June 7, 2022, by Sarah Colborne
Last Orders at the Weston Gallery
This is a guest post by Dr David Beckingham, co-curator of the Last Orders exhibition, which opens at the Weston Gallery, Lakeside Arts in June.
Last Orders examines cultures of alcohol consumption and abstinence in the East Midlands, with a particular focus on the eighteenth and nineteenth centuries. Ubiquitous though pubs and drink may have been in everyday life, I had anticipated several challenges in my research for the exhibition.
The first challenge, which has likely faced other guest curators before me, involved finding enough visual materials in the collections held by Manuscripts and Special Collections. As well as being informative a good exhibition has to be visually appealing if it is to attract visitors! Reflecting one of the key strengths of the archive, estate records have proved a major source for the exhibition. These include legal documents such as leases, written with a kind of aloof authority that still seems to have the power to intimidate centuries later, and letters about the management of the estates. Pubs feature across these sources but, with some exceptions, seldom do they say much about the look of pubs or seem visually appealing enough to display.
I also imagined a second and related challenge – to catch echoes of the sound worlds of local drinking spaces and so better understand how people used them. Here, things were a little easier than I had expected. Estate correspondence does reveal insights into the management of pubs, and diaries in the collections – notably those of nineteenth-century councillor William Parsons – point to everyday experiences of drinking.
Pubs were the almost accidental arenas of social and commercial life. So much so, that published town histories often mention pubs and drinking. One such reference is to a drinking song called “Nottingham Ale”. Penned around 1750, “Nottingham Ale” is a paean to local liquor. Gunthorpe, the landlord of the Punch Bowl on Peck Lane, apparently sent his navy-officer brother a barrel of his quality ale. The song, which was printed in different forms, was his brother’s thank you. Nineteenth-century accounts often omitted a verse about making women drunk – and made a point of explaining the omission to their readers.
The Derbyshire caricaturist GM Woodward praised the quality of the ale in the pubs of Peck Lane in his book Eccentric Excursions. They were a world of ‘smoke and politics’, said Woodward. Pubs were not simply places where politics was talked about; they were arenas in which political life was shaped, political opinions forged, and elections contested. To some, this made them potentially dangerous spaces.
Different temperance groups tried to recast pubs as a kind of policy problem, firmly establishing drink as a political question in its own right. The exhibition examines local reactions to late nineteenth-century alcohol policy. However asking the state to do more was only part of the battle. Calling time on pubs in local communities meant replacing their enduringly social function. The collections of the Lawson and Wrench families, as well as those of local nonconformist churches, contain plenty of information about the personal and collective motivations for temperance. Just as pubs had their own distinctive material and musical cultures, so too did the temperance movement.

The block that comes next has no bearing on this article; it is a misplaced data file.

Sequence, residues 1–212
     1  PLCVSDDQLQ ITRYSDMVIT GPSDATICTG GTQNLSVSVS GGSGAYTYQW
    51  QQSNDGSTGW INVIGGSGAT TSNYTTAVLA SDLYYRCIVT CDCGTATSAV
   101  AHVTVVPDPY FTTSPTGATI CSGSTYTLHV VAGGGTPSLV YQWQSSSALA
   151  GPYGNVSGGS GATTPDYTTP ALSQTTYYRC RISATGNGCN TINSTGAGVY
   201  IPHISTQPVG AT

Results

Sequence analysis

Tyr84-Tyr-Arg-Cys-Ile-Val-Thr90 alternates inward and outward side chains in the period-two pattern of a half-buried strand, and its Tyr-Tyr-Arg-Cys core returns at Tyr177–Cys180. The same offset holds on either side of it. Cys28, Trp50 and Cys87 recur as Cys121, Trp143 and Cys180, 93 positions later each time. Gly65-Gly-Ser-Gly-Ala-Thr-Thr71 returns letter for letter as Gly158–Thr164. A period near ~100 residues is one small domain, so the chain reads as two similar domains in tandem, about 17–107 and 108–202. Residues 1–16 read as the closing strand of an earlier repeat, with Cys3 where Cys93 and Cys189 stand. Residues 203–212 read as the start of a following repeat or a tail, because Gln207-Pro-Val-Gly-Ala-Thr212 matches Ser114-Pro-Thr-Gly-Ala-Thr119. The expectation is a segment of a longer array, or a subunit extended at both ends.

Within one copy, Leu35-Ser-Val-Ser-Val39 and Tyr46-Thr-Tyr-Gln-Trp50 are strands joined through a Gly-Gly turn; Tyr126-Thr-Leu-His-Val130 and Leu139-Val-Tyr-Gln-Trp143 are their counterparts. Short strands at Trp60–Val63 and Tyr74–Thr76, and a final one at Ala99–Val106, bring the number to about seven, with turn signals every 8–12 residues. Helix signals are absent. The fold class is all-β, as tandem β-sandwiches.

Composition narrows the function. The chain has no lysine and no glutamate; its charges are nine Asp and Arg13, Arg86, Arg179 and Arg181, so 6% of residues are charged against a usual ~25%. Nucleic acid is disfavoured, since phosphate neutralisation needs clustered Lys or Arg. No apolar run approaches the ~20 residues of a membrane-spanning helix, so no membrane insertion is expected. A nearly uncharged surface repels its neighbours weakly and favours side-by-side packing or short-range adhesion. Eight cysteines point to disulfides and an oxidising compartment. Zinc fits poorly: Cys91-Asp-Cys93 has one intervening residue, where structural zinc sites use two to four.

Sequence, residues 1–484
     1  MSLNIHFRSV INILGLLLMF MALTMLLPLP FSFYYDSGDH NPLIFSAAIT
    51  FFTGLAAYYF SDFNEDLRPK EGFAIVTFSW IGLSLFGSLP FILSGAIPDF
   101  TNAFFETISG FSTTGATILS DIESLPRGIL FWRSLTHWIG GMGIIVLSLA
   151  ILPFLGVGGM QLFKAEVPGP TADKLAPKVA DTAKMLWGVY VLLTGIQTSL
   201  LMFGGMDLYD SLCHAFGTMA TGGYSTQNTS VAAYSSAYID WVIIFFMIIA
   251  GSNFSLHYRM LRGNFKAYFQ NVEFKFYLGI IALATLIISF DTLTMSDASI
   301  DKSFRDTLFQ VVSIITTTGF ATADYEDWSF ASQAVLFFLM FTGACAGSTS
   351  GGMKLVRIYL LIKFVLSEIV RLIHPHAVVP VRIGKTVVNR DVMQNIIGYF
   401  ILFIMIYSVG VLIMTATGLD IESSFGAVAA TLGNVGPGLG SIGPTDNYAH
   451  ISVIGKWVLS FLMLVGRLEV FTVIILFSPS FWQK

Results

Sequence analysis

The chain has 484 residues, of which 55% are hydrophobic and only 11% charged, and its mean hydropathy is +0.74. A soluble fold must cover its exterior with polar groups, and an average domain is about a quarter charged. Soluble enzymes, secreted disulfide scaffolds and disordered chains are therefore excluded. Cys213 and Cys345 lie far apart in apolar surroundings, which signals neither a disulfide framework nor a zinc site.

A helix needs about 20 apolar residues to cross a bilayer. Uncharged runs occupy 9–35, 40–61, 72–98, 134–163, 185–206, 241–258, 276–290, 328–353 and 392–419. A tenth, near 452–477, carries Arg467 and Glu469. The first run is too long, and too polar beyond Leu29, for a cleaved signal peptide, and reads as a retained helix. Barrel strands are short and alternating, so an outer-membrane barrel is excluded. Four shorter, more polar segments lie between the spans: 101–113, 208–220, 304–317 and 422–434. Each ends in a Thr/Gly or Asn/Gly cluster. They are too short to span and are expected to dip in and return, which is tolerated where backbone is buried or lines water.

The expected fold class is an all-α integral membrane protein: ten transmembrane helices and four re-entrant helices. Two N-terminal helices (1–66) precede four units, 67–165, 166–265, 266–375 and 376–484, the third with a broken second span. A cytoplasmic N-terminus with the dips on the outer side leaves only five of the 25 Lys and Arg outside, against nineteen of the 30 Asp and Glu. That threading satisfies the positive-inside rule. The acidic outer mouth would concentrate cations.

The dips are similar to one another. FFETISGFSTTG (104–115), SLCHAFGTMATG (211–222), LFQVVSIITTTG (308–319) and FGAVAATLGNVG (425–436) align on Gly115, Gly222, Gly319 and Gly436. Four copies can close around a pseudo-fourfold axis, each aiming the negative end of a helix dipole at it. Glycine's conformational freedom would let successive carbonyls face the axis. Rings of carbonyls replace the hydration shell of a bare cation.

Last Orders: Stories of alcohol and abstinence in the East Midlands has been jointly curated by Dr David Beckingham of the School of Geography and Manuscripts and Special Collections. It runs from Thursday 16 June until Sunday 9 October 2022 at the Weston Gallery, Lakeside Arts.
1-2pm, £3 (free concessions)
A series of talks will be held in the Djanogly Theatre to accompany the exhibition. Talks are £3 (concessions free). All talks start at 1pm and last for approximately one hour. Advance booking is recommended.
Beer Flavour – A matter of taste?
Beer remains the UK’s favourite drink, although consumer tastes in beer styles have evolved throughout the history of industrial brewing. Professor David Cook of the University’s International Centre for Brewing Science will examine how beer stimulates our senses and evaluate historical and modern trends in consumer preference and expectations for our national drink.
Taking the pledge: The temperance movement in Britain
From its foundations in the 1830s, the temperance movement offered its members a vision of individual and collective improvement if they abstained from alcohol. In this talk Dr David Beckingham of the School of Geography will illustrate how temperance groups were organised and investigate how they impacted national debates about drink control for the rest of the 19th century.
Does the way we drink alcohol change with age?
How do people drink in different times of their life? Does pouring your own drink at home change how much you consume? Dr Katy Jones of the School of Medicine will explore current research on patterns of alcohol consumption and whether people drink differently in different life stages.
Weston Gallery Tours
Free, advanced booking required.
Join us for a guided walk through the exhibition and learn more about the items on display.
- Saturday 18 June, 11am-12noon
- Sunday 19 June, 11am-12noon
- Thursday 11 August, 11am-12noon
- Wednesday 28 September, 2-3pm
Book tickets through Lakeside Arts Box Office: +44 (0)115 846 7777
To see the original archives and rare books, please contact Manuscripts and Special Collections on firstname.lastname@example.org to make an appointment to visit the Reading Room.
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